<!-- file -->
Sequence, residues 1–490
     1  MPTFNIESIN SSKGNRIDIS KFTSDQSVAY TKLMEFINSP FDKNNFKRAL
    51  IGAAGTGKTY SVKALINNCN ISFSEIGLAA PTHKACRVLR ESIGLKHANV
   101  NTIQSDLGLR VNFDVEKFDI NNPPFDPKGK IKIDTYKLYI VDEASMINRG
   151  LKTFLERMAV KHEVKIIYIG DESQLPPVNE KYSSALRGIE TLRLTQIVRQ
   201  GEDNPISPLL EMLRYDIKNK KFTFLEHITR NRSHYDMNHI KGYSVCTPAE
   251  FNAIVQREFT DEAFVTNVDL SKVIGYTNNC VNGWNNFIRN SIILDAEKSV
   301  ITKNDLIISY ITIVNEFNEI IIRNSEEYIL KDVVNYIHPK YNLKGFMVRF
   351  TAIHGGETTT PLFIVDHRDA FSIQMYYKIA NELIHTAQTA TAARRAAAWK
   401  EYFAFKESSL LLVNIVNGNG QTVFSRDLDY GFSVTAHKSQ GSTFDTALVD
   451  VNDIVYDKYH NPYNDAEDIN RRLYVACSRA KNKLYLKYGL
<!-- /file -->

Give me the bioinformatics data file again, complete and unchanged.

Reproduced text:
Sequence, residues 1–490
     1  MPTFNIESIN SSKGNRIDIS KFTSDQSVAY TKLMEFINSP FDKNNFKRAL
    51  IGAAGTGKTY SVKALINNCN ISFSEIGLAA PTHKACRVLR ESIGLKHANV
   101  NTIQSDLGLR VNFDVEKFDI NNPPFDPKGK IKIDTYKLYI VDEASMINRG
   151  LKTFLERMAV KHEVKIIYIG DESQLPPVNE KYSSALRGIE TLRLTQIVRQ
   201  GEDNPISPLL EMLRYDIKNK KFTFLEHITR NRSHYDMNHI KGYSVCTPAE
   251  FNAIVQREFT DEAFVTNVDL SKVIGYTNNC VNGWNNFIRN SIILDAEKSV
   301  ITKNDLIISY ITIVNEFNEI IIRNSEEYIL KDVVNYIHPK YNLKGFMVRF
   351  TAIHGGETTT PLFIVDHRDA FSIQMYYKIA NELIHTAQTA TAARRAAAWK
   401  EYFAFKESSL LLVNIVNGNG QTVFSRDLDY GFSVTAHKSQ GSTFDTALVD
   451  VNDIVYDKYH NPYNDAEDIN RRLYVACSRA KNKLYLKYGL